until zones occur. Examine in daylight. Results: see below the sequence of zones present in the chromatograms obtained with the reference solution and the test solution. Furthermore other faint zones may be present in the chromatogram obtained with the test solution.

Top of the plate : Sennoside C: a reddish-brown zone Sennoside D: a reddish-brown zone Sennoside A: a reddish-brown zone Sennoside B: a reddish-brown zone 8. Folk uses : A)constipation: Senna tinnevelly for constipation and for evacuation of the bowel prior to diagnostic tests of the GIT and colorectal area . B)Indian Medicine : The herb is used for constipation , liver diseases , jaundice , splenomegaly , anemia & typhoid fever .

9.Phytotherapeutic indications : laxative effect. Mechanism of action: senna is anthranoid stimulating laxative.the laxative effect is due to the action of sennosides and there active metabolite(rhein anthrone)in the


colon.the laxative effect is realized by by inhibition of water and electrolyte absorbtion from the large intestine which increase the volume and pressure of intestinal contents.this will stimulate colon motility resulting in propulsive contractions>

10.Reported side effects : General : spasmodic gastrointestinal complaints can occcur as a side effect to the drug’s purgative effect or from overdosage . In rare cases prolonged use may lead to cardiac arrythmia , nepropathies , oedema and accelaerated bone detrioration . Senna abuse has also resulted in tetany , aspartiylglucosamine excetion , and hypogammaglobulinemia , electrolyte abnormlies , finger clubbing , cathartic colon , carcinogenesis , melanosis coli , occupational senstization and tissue damage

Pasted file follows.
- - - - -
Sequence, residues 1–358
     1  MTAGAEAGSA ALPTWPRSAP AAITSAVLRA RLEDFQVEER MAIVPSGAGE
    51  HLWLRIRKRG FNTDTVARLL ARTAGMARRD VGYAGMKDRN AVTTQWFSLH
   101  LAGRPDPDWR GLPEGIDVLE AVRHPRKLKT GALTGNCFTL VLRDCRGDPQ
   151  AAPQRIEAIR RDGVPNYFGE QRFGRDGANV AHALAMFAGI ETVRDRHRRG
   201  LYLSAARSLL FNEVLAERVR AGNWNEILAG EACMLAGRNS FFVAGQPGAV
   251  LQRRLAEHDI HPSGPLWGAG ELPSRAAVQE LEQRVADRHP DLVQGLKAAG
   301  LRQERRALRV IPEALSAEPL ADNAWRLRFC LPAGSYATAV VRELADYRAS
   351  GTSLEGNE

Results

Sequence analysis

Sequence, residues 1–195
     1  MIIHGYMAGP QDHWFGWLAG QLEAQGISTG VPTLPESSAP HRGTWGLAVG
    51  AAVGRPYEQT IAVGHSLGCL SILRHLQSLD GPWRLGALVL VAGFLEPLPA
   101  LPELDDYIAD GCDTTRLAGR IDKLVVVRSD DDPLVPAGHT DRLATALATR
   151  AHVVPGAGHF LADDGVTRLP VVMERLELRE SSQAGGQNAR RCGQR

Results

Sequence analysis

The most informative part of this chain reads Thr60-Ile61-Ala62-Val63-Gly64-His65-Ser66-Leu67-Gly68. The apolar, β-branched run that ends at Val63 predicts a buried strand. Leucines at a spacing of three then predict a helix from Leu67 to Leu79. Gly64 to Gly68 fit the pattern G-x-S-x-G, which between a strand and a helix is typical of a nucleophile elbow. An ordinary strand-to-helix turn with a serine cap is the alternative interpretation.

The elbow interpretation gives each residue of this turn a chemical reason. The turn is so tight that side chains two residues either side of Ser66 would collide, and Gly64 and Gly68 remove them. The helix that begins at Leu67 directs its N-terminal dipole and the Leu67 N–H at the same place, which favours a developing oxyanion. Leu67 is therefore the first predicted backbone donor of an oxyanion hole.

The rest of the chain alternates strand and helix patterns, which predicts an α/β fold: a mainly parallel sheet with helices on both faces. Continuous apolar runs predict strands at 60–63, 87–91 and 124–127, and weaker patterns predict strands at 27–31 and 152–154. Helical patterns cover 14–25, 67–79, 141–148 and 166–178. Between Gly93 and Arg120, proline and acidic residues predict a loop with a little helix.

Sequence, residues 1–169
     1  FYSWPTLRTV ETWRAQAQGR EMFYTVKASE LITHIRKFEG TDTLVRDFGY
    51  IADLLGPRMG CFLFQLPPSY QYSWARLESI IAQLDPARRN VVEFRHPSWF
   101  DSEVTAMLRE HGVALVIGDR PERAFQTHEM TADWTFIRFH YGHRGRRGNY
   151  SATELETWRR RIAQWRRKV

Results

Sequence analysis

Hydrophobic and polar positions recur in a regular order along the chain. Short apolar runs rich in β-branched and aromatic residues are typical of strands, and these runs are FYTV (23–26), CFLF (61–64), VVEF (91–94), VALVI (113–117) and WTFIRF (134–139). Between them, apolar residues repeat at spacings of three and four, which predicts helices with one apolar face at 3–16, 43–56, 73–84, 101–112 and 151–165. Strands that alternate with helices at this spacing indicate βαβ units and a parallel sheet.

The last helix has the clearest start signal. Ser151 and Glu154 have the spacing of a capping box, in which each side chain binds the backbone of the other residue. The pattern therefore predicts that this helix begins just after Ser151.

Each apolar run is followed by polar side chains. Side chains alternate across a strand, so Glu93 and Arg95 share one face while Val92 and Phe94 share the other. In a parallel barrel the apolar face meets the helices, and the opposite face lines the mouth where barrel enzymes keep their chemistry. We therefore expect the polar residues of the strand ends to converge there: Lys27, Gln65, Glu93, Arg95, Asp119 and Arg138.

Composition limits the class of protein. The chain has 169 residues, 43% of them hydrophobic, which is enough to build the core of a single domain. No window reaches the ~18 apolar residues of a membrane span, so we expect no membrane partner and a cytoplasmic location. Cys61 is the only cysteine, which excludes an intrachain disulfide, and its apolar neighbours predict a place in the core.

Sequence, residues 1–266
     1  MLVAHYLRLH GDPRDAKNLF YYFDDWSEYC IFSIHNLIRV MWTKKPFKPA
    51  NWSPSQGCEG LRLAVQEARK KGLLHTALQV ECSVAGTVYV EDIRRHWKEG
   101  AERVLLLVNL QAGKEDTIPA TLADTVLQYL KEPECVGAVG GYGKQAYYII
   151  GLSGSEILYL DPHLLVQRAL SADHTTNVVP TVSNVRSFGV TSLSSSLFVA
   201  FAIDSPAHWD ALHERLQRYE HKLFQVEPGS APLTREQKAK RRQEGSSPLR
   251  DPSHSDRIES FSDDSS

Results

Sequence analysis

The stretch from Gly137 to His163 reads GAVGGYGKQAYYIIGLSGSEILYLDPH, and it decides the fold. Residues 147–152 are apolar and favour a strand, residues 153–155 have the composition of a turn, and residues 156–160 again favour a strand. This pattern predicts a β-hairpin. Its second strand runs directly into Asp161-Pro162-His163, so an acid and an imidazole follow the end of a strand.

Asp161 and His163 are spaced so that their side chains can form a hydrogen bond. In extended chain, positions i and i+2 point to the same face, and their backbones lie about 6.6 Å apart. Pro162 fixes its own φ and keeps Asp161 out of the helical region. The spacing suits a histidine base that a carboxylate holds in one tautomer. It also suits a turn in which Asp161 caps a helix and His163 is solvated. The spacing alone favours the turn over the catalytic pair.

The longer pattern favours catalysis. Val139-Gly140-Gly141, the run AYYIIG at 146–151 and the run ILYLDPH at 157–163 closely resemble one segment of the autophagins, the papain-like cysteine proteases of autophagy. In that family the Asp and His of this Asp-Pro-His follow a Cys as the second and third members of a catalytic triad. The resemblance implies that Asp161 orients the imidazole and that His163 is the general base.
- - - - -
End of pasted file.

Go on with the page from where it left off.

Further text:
11.Contraindications :

In cases of Intestinal obstruction,gastritis Not used in cases of: Pregnancy or nursing Pediatric use:not used by children under 2 years of age Eldery:eldery patients should initiallytake half of the normal prescribing dose.

12.Drug interactions :


A)

Digitalis glycosides :

Prolonged use or abuse ,loss potassium may potentiatedigitalis toxicity.

B)

Antiarrhythmic :

Loss of potassium associated with prolonged use may potentiaten arrhythmia .

C)

Estrogen:

The serum level of estrogen is decreased when givenwith senna due to intestinal transit on the absorption of estrogen . D)

nifedipine :

therapeutic effects induced by rhein anthrone also involve the calcium channel which can blocked by nifedipine,but not verapamil.

13.Dose& Administration :

•

Granules (15 mg sennosides per teaspoon)

Adults and children 12 years of age,administer 1 teaspoon once daily with the maximum of 2 teaspoons twice daily


Children 6 to 12 years of age,administer Ÿ teaspoon daily with a maximum of ½ teaspoon twice daily.

Senna